Fall 2015 Pilot Reviews: The Muppets

Show: The Muppets

When it Airs: Tuesdays on ABC at 8:00 EST

Do I Want to Watch More? Yes

Confession: I watched very few Muppets-related things growing up. I’ve seen a couple of their movies and that may be it. I know who they are through general pop culture osmosis but I have much less of an attachment to these characters than many who tuned in to watch. So I went in to this with very few expectations of how these characters should behave.

I didn’t love the episode but I did enjoy watching it. Some of this is due to the fact that the Muppets are inherently a cute group of characters. There is a nostalgia that is comforting, even with as few memories of them as I have.

There are characters who I would like to see more of in future episodes. I’ve always been a fan of Gonzo and he wasn’t used a lot. I would also watch an entire show of Statler and Waldorf being cranky about everything because it suits my personal tastes, but I recognize that they work better in small doses. I’d also like more of Beaker because he just makes me smile.

As a whole, this isn’t a show I want to ask a lot of. I like the idea of exploring the emotional lives of these characters who have largely come as a big package over the years but even that’s not essential to my viewing experience.  I want to have fun for half an hour and smile. So long as that is happening, I’ll be along for the ride.

Fall 2015 Pilot Reviews: Life In Pieces

Show: Life In Pieces

When it Airs: Mondays on CBS at 8:30 EST (thought 10/26/15); Thursdays on CBS at 8:30 EST (from 11/5/15)

Do I Want to Watch More?: Maybe.

I am beginning to understand why critics have been so ambivalent to negative about this season of TV.

This is very much a standard comedy pilot. Everyone is a little too broad and not quite formed yet as characters and the chemistry hasn’t had time to set in. It hasn’t quite worked out the emotion-to-humor balance yet. That’s fine and not particularly unusual.

So while I didn’t necessarily like the episode, I do like the general concept, so that’s one hurdle out of the way. Splitting the show into four acts, one for each member of the family, works for me. I like that they aren’t connected in any way. They really are the moments that make up a life that John describes at the end of the episode. It was done in a little bit of a heavy-handed manner, but again, it’s a pilot. I’d like to see some less monumental moments as the show continues. Yes, people remember things like a first date, the birth of a child, or seeing your first child getting ready to go off to college, but they also remember the little moments. They remember the time they took a wrong turn and got wildly lost or the time they were unexpectedly caught in the rain and had to run back to the hotel. I’d like to see some of those moments and I think they are feasible in a short four minute segment.

On the other hand, those little chunks make character development difficult. I didn’t feel like I spent enough time with anyone to get a sense of who they were and what would make them interesting in the future. The characters I gravitated tot the most were the ones who were played by actors I already like, like Colin Hanks, Angelique Cabral and Betsy Brandt. I felt more like I was watching situations instead of characters, which is not the way I like to watch TV. This may change as the show progresses and we see these people in a variety of situations but I don’t think the format is quite as naturally suited to that.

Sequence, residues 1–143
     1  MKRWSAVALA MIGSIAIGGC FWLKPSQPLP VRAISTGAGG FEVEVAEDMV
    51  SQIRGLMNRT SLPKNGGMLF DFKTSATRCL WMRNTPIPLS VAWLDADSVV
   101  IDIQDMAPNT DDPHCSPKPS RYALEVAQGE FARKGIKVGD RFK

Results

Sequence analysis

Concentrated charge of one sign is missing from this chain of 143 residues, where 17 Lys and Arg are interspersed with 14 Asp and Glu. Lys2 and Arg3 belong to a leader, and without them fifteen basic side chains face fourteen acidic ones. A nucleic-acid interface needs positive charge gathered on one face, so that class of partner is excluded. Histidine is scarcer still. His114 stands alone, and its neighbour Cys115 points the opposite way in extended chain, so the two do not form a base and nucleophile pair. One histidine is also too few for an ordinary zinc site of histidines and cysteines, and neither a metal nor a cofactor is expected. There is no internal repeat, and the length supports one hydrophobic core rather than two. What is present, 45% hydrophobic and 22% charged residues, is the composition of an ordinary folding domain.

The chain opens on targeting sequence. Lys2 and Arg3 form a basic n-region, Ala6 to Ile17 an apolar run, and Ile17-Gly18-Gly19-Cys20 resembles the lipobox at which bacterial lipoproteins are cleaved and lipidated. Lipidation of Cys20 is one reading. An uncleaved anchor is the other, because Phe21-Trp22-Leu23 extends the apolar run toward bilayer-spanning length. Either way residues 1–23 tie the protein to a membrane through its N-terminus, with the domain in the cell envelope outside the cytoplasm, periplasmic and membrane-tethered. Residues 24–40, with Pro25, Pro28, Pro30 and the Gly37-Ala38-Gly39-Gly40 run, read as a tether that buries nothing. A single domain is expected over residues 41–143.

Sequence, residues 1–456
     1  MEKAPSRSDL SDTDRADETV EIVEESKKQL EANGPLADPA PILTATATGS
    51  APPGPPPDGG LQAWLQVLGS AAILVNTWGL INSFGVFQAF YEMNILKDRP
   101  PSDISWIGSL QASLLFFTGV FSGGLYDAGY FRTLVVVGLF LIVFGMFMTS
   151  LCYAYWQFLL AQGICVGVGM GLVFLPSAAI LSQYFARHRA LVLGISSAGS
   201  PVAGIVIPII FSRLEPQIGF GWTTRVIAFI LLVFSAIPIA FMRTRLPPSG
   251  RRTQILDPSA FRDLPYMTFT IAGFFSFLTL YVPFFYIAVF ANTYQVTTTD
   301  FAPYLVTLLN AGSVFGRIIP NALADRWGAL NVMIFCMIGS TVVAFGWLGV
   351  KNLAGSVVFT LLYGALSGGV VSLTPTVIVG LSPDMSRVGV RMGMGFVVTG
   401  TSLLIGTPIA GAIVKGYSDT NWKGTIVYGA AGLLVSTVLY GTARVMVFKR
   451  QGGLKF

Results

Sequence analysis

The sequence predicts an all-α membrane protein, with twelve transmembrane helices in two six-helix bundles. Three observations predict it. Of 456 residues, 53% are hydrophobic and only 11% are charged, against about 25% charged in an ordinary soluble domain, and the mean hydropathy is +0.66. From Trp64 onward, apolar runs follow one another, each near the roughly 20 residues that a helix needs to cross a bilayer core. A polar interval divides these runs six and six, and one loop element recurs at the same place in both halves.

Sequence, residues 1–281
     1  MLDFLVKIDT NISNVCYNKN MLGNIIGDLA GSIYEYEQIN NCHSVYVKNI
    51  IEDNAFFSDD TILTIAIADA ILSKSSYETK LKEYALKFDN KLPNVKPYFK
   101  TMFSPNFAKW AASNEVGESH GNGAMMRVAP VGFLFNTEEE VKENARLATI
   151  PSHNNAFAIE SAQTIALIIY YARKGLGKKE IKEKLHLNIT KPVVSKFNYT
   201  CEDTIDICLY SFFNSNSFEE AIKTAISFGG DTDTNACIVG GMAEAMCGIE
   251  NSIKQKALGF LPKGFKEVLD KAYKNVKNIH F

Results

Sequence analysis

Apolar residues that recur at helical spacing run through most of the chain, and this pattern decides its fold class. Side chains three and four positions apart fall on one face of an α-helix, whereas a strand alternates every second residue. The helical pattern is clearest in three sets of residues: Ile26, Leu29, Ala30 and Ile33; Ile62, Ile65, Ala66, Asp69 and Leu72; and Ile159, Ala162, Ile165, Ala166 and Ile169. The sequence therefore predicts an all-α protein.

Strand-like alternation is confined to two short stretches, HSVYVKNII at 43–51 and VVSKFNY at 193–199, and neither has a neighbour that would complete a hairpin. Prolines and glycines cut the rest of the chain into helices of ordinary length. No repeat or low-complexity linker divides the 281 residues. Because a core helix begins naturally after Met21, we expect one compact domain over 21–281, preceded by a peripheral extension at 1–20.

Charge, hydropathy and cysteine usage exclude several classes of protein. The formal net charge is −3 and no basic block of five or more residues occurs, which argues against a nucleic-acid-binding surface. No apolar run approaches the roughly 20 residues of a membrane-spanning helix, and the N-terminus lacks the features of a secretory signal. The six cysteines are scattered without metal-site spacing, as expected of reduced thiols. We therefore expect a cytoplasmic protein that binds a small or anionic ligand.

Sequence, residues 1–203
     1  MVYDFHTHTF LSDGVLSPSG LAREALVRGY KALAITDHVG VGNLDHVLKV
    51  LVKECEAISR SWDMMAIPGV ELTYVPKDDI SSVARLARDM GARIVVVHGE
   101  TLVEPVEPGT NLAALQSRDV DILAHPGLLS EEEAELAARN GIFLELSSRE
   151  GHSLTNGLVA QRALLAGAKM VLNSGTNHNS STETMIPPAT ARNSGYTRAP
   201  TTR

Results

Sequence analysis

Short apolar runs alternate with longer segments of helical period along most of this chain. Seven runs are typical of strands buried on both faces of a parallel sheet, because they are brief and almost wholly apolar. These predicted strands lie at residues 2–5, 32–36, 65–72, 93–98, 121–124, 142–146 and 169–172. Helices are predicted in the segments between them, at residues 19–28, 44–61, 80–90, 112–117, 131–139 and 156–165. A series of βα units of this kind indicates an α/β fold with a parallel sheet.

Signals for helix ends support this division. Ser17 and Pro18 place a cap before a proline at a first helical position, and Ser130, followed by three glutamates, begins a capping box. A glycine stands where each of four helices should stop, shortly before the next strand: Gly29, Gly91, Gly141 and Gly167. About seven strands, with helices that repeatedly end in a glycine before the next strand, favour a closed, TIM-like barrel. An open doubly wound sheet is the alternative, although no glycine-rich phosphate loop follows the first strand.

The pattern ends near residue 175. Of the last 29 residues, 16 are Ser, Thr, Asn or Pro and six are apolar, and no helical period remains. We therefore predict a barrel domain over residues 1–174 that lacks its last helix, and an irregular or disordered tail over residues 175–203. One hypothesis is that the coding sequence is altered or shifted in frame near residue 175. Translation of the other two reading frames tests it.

While it may not be high on my priority list, I would like to see the next few episodes to see if they can alleviate my concerns about character development. If I can start to become attached to the characters, this could be a show I grow to really enjoy. If I can’t connect with them, then it won’t be one that I stay with for very long.

Fall 2015 Pilot Reviews: Blindspot

Show: Blindspot

When it Airs: Mondays on NBC at 10:00 EST

Do I Want to Watch More? I don’t know.

I came away from the pilot with the worst possible answer to my question. There’s nothing inherently wrong with the episode. It introduced a lot of characters and the premise of the show. You can see how a case-of-the-week can be built out of the tattoos with tiny glimpses to move the mythology forward. Characters would continue to be better developed and a rhythm between them would be found. As far as pilots go, it actually works pretty well.

I liked Jaimie Alexander’s performance quite a bit. There were moments when I felt very interested in Jane Doe’s story. Not who she was and how she got to be in the position of being covered in tattoos and left in Time Square but who she would be moving forward from this incident. I enjoyed the scene with Dr. Borden where he helps her figure out if she prefers coffee or tea. I like the concept of her getting to choose who she is and rediscover herself, whether she finds the version that was erased or a whole new interior identity. That story, I like a lot. And if you throw in some crime-solving, that’s fine with me. I don’t have a problem with a procedural populated with interesting characters, which I assume they will all become.

What I’m not interested in, unfortunately, seems to be the whole point of the show. I don’t care why Jane was put in a position where erasing her memory and being covered in tattoos that may help solve crimes or who the shadowy lurking man is who facilitated the process. That part failed to engage me at all and I like a good conspiracy theory. It’s still early and maybe it’s too soon to really tell if I will like where the story is going or not, but I remain unexcited about it.

I can overlook plots that I don’t like if there are characters who I care about. I didn’t connect with a lot of the post for the last three seasons of LOST and I cried a lot during that finale. So I can give this one another shot. I’m relatively light on Monday shows until Jane the Virgin comes back and will probably try out episode two in the hopes that it will clarify where the show may be headed in the future and possibly get me interested in the larger story.